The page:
California's Drought: Water Demand, Population Growth, and Sensible Solutions

California's Drought: Water Demand, Population Growth, and Sensible Solutions
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Drought has prompted California Governor Arnold Schwarzenegger to declare a state emergency. Water agencies are preparing to impose mandatory water rationing. We're all hoping that melting snow in the Sierra will save the state's farmers and city dwellers from hardship.

But once rain starts to fall - and it eventually will - California's farmers expect to irrigate their fields and residents expect to water their lawns. Drought, in other words, does not require a fundamental change in behavior, only a temporary halt to customary water use. And that's very important.

We love to blame Mother Nature for every natural catastrophe, but a close look at recent droughts, in California this year and Georgia last year, shows that these droughts are not more severe than previous ones.

Why, then, is there such a crisis? Because Californians this year and Georgians last year have outgrown their states' water supplies. The margin for weathering a drought has shrunk. The rain and the drought are about the same. It's us who've changed.

The principal reason is pretty obvious: population growth. California's population grows by one person per minute. Metro Atlanta adds 100,000 new residents a year. Nationwide, the Census Bureau expects the population to surge from roughly 300 million today to 420 million by mid-century. Where is the water going to come from to serve these people?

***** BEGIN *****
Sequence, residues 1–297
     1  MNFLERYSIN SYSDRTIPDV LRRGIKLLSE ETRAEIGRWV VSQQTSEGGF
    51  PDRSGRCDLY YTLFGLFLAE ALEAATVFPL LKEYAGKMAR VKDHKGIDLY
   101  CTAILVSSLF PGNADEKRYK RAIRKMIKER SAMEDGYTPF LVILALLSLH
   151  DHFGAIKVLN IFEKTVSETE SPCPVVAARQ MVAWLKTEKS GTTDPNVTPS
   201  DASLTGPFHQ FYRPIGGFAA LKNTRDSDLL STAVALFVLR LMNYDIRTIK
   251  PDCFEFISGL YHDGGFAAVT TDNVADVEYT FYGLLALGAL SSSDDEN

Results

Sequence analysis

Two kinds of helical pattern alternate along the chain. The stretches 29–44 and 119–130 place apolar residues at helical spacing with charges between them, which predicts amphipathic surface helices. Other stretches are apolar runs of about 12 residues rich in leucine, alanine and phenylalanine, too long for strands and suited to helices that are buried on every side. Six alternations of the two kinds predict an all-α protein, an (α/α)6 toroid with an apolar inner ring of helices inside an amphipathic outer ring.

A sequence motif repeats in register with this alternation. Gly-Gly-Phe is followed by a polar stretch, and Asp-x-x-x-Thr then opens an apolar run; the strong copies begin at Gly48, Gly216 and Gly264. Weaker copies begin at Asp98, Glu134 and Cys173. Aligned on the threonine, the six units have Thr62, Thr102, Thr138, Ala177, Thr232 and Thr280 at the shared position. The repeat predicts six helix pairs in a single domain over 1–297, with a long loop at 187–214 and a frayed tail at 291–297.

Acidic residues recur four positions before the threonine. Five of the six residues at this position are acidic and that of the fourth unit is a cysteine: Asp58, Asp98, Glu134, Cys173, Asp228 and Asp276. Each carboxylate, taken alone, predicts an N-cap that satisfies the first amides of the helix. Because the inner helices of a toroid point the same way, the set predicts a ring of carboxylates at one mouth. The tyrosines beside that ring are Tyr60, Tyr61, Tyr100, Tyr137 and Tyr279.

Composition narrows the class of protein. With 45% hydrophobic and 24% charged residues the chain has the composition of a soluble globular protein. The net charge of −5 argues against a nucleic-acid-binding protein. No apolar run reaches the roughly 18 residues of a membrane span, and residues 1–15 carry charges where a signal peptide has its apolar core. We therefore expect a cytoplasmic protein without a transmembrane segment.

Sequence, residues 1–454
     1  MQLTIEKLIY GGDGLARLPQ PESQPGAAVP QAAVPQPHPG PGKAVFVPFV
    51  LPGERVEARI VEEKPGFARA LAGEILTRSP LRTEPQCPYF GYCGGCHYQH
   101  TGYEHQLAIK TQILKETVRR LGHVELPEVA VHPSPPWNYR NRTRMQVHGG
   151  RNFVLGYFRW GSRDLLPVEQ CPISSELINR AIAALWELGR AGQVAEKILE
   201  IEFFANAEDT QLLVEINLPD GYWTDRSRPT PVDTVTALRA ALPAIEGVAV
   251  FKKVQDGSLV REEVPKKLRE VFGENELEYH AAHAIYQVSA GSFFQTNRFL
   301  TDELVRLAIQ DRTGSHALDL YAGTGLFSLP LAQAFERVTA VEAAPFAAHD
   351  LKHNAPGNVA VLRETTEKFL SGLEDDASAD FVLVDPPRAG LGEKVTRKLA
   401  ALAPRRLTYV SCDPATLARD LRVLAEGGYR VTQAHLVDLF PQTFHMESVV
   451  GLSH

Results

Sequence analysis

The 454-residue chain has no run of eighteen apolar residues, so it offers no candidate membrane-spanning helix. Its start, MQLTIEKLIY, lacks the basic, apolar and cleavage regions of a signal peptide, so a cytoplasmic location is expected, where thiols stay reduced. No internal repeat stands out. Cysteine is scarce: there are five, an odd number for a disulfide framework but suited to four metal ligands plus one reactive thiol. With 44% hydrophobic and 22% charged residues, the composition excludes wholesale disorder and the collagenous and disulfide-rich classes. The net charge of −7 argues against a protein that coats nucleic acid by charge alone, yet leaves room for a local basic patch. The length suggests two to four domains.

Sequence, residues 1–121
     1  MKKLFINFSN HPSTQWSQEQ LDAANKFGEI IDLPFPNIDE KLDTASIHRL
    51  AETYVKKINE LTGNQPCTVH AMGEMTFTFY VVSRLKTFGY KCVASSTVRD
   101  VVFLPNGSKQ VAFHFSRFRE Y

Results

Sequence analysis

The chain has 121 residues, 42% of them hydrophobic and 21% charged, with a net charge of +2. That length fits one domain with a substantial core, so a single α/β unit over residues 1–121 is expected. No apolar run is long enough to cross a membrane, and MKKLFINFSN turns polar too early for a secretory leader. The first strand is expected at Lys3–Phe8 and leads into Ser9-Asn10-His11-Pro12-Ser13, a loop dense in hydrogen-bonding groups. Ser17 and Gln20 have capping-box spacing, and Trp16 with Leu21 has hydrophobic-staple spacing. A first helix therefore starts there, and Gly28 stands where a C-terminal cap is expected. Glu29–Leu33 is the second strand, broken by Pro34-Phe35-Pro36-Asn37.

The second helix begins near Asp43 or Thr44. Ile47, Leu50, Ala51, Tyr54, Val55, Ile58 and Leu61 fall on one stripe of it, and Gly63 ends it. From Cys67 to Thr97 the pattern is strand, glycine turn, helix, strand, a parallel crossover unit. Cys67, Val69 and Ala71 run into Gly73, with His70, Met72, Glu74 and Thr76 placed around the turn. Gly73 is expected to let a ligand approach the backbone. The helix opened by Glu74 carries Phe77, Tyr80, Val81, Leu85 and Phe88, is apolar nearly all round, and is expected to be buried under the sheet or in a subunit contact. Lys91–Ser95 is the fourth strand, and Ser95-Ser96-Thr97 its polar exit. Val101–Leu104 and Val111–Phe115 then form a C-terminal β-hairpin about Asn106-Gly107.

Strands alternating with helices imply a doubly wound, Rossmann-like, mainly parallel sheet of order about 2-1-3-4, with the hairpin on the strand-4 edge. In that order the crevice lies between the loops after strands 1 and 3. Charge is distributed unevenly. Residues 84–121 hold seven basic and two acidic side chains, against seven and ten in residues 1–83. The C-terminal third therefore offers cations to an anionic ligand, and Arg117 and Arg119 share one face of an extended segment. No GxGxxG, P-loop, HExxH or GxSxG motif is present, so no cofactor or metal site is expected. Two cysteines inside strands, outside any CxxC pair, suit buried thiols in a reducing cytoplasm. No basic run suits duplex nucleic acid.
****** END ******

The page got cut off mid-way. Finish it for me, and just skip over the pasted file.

In Georgia, Governor Sonny Purdue hoped it would come from the sky, so he held a prayer vigil on the steps of the Capitol. But not wanting to take any chances, the governor did not schedule the vigil until weather forecasters predicted the first rain in months.

The Georgia legislature hoped it could suck water from the Tennessee River. Unfortunately for Georgia, the Tennessee River does not run through Georgia. It runs through Tennessee. So the Georgia state legislature tried to move the border into Tennessee and over part of the river. Not surprisingly, Tennessee said no, deciding not to volunteer its water for Atlanta's sprawl.

In California, Governor Schwarzenegger hopes water will come from new dams. Environmentalists point out, however, that new dams don't add water to the system. Why, they ask, build or enlarge new dams when the existing ones don't fill up?

In America we traditionally solve water shortages though engineering fixes: dams, canals, diversions, and wells. Seldom do we turn inward and ask whether conservation, reuse, or reallocation would provide easier, cheaper, more environmentally friendly solutions to current shortages. But with most rivers already dammed, some repeatedly, with many rivers dried up or suffering from reduced flows, and with groundwater tables plummeting, business as usual is not a viable option.

The current crisis should encourage us to reexamine how, when, and why we use water. Perhaps growing lawns in Beverly Hills, which gets scarcely three inches of rain more than Tucson, is no longer a sensible use of water.

For readers interested in these questions, my new book, Unquenchable: America's Water Crisis and What To Do About It, will be published on April 8th.

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